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Trump keeps finding American cities to denounce

It's rare to see an American president so cavalier about condemning parts of his own country he doesn't like.
The Willis Tower (C), formerly known as the Sears Tower, dominates the southern end of the downtown skyline in Chicago, Illinois. (Photo by Scott Olson/Getty)
The Willis Tower (C), formerly known as the Sears Tower, dominates the southern end of the downtown skyline in Chicago, Illinois.

Last month, Donald Trump blasted Los Angeles and San Francisco as once-great cities that have been "devastated" by "the left-wing agenda." In July, Baltimore was the president's target. Atlanta and Philadelphia have also been on the receiving end of the Republican's scorn.

Yesterday, it was apparently Chicago's turn. The Associated Press reported:

Visiting Chicago for the first time as president, Donald Trump disparaged the city Monday as a haven for criminals that is "embarrassing to us as a nation." The city's top cop sat out Trump's speech to protest the president's immigration policies and frequently divisive rhetoric.

According to the official transcript, the president told the International Association of Chiefs of Police Annual Conference, "All over the world, they're talking about Chicago. Afghanistan is a safe place by comparison. It's true."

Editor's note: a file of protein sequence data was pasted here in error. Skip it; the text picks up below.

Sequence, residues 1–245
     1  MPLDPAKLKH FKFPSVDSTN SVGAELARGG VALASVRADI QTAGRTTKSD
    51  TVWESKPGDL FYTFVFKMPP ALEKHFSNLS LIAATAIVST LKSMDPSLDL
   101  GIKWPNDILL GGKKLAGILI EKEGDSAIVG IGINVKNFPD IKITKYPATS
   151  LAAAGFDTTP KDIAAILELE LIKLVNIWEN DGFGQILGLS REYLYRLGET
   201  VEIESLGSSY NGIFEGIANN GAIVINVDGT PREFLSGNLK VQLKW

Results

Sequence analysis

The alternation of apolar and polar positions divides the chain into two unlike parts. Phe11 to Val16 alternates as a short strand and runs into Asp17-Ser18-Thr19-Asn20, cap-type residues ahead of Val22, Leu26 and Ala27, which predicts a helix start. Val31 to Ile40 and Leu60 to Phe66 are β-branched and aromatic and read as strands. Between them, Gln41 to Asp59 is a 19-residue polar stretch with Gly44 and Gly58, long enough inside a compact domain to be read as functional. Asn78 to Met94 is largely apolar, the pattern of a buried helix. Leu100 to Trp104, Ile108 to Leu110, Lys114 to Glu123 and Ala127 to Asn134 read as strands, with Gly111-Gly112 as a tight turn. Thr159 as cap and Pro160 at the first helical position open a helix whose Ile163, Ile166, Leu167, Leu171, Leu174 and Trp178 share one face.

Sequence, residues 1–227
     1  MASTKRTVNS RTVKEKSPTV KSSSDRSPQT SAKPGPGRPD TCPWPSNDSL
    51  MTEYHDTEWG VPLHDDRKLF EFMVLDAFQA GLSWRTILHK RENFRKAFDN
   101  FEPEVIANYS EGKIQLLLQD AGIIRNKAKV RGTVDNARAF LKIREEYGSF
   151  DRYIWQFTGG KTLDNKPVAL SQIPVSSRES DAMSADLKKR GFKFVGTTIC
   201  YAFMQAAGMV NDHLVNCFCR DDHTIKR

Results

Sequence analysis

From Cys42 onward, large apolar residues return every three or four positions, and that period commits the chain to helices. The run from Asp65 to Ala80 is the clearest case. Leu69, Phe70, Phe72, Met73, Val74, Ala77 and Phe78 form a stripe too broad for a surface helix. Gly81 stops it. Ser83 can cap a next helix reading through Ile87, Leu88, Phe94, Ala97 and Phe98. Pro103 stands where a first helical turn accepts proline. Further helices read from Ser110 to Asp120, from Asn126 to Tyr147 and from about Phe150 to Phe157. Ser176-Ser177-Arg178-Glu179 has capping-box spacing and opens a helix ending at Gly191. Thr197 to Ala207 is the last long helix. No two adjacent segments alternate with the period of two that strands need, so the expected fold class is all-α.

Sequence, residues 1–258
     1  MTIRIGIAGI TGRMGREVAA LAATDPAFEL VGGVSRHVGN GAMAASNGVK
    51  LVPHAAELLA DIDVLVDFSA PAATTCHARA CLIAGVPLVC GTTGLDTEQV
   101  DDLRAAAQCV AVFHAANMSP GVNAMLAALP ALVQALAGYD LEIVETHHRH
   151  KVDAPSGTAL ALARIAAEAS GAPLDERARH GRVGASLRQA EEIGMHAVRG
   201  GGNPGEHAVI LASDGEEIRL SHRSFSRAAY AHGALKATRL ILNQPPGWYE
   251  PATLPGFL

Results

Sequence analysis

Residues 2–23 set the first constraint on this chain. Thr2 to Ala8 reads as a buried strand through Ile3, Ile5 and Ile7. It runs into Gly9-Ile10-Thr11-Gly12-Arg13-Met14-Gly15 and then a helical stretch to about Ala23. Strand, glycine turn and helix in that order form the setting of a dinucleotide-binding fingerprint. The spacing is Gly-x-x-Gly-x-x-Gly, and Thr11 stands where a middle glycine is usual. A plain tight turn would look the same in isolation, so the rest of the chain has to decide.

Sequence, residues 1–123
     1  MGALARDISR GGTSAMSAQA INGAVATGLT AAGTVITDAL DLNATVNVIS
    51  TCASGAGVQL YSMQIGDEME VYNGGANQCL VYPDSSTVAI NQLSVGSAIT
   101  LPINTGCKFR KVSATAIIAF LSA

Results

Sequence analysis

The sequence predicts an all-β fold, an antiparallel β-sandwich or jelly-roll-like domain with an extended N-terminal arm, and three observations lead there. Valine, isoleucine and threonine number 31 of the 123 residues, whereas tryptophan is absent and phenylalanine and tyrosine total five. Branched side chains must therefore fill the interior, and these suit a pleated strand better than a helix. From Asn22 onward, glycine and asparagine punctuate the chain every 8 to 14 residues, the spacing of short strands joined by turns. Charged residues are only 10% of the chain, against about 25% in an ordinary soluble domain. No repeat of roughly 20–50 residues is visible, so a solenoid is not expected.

If pressed, I imagine Trump could tell us all about the imagined conversations he's had with people from around the globe, many of whom marveled at Chicago's crime rate. The stories would no doubt feature a lot of people who repeatedly used the word "sir" and were crying during their conversations with the president.

But putting that aside, what amazes is just how frequently the American president takes aim at communities in his own country.

There's a strain of conservative thought that insists that the left is made up of snobs who think they're superior -- culturally, intellectually -- to people who live outside of metropolitan areas. I've long found the complaints unpersuasive, but I've lost count of how many far-right events I've covered in which speakers have told audiences, "These liberals think they're better than you."

It's against this backdrop that the Republican president has spent a fair amount of time denouncing urban areas -- places with large minority populations and home to many immigrants -- with scorn and contempt. As Trump put it yesterday, he considers major American cities like Chicago to be "embarrassing" to the country.

The political inverse is unfathomable. Imagine a Democratic president condemning a deep-red state -- in the South, in the Plains, wherever -- as being an international embarrassment. He or she would face widespread criticisms, not just for disparaging his or her own constituents, but for demonstrating an ugly elitism.

And yet Trump routinely blasts American cities he doesn't like -- which is to say, parts of the country that didn't vote for him -- as places he believes are deserving of his disdain.

It doesn't seem to occur to the president that he represents the whole country, not just the parts filled with people he considers political allies.